(Reuters) – GlaxoSmithKline’s consumer health unit has tied up with Mammoth Biosciences to develop a test that uses a technology commonly used in gene editing to detect novel coronavirus infections, the California-based startup said on Wednesday.
The CRISPR gene editing platform has been hailed as a scientific breakthrough that could lead to cures for diseases driven by genetic mutations or abnormalities, but it has not yielded any approved treatments to date.
The companies aim to develop a new rapid test that can be used by a consumer at home, although Mammoth said it expects the test to initially be used in a clinical setting.
The test will use Mammoth’s CRISPR-based platform to identify the presence of viral RNA strands through a nasal swab and deliver results in less than 20 minutes, Mammoth said.
Healthcare professionals have stressed that the accuracy of a nasal swab test depends on how well the sample is taken – posing a challenge for household use without professional assistance.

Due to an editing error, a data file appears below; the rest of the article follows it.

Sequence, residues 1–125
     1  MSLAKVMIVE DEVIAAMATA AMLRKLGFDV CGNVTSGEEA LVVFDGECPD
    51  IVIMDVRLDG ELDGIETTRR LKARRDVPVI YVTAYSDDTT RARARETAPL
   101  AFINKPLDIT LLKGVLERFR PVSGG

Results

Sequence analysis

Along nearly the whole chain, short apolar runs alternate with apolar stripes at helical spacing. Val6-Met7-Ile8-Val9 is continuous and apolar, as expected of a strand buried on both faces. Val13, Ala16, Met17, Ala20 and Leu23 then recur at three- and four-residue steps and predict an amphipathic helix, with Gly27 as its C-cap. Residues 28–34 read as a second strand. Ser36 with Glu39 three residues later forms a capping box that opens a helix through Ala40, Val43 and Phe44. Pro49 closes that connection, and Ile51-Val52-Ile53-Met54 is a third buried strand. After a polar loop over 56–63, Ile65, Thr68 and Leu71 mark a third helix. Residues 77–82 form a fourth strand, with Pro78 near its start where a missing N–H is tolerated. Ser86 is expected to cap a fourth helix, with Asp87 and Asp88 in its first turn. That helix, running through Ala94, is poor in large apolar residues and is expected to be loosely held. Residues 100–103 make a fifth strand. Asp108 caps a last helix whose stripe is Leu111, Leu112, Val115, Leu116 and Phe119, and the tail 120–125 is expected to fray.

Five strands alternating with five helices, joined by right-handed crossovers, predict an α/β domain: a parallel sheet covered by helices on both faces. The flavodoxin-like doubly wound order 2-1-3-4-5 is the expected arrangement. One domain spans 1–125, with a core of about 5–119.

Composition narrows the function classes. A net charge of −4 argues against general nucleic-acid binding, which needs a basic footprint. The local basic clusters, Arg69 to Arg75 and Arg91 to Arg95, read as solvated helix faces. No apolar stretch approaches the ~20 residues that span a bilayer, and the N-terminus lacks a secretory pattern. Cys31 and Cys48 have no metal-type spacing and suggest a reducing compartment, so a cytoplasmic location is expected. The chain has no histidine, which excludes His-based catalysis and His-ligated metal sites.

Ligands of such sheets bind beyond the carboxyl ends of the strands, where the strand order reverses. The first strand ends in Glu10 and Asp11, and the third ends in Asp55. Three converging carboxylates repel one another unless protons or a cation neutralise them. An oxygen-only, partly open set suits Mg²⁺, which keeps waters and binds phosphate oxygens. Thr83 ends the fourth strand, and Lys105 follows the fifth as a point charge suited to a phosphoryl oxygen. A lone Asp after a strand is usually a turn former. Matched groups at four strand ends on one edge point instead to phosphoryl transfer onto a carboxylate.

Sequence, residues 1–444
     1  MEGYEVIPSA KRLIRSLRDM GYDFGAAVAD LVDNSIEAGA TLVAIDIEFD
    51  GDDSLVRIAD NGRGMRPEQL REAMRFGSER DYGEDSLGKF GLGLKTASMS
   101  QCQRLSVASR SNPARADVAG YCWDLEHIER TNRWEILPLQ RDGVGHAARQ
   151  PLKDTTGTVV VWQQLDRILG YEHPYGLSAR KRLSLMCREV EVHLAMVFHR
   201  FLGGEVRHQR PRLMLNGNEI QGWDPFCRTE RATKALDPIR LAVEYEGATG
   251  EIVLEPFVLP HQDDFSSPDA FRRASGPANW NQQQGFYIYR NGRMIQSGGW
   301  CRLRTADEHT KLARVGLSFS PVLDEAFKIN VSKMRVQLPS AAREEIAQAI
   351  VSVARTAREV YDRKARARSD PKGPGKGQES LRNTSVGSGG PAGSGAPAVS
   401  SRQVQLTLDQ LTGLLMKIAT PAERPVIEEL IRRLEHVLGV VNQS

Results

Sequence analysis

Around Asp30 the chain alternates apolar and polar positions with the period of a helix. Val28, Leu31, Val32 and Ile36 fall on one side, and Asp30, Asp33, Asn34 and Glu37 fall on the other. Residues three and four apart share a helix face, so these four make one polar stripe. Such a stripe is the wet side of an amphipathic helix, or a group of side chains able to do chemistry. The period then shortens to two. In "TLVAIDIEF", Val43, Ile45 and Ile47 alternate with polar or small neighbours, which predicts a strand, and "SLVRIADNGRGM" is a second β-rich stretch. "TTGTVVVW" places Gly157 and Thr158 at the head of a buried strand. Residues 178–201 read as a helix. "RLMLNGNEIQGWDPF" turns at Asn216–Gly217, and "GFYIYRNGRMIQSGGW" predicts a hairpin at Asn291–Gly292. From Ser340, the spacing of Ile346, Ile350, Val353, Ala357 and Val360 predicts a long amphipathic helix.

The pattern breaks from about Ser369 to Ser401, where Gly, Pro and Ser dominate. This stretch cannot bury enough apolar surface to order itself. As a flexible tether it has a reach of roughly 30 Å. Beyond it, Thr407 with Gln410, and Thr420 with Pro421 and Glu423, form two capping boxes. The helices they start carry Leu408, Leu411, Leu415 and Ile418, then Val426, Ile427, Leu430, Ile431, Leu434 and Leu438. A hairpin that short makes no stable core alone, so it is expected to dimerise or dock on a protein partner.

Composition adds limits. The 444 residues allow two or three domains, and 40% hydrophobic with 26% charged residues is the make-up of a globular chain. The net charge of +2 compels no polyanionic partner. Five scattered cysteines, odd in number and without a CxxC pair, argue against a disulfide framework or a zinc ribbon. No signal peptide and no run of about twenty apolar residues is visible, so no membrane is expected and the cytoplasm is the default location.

Mammoth, co-founded by early gene editing pioneer Jennifer Doudna, was the first to develop a CRISPR platform as a disease detection system.
The tie-up marks a push into coronavirus diagnostics for Britain-based GlaxoSmithKline. Pfizer Inc holds a more than 30% stake in GSK Consumer Healthcare.
Earlier this year, GSK had partnered with Sanofi SA to develop a vaccine against the coronavirus that has killed over 322,000 worldwide.
“Using this CRISPR-based technology, you can actually create accurate tests, giving similar quality to what’s in the lab but in a ‘de-centralized’ format,” said Trevor Martin, Mammoth’s chief executive officer.
GSK and Mammoth expect to submit an application to gain the U.S. Food and Drug Administration’s emergency use authorization by the end of the year.
(Reporting by Manas Mishra in Bengaluru; Editing by Amy Caren Daniel)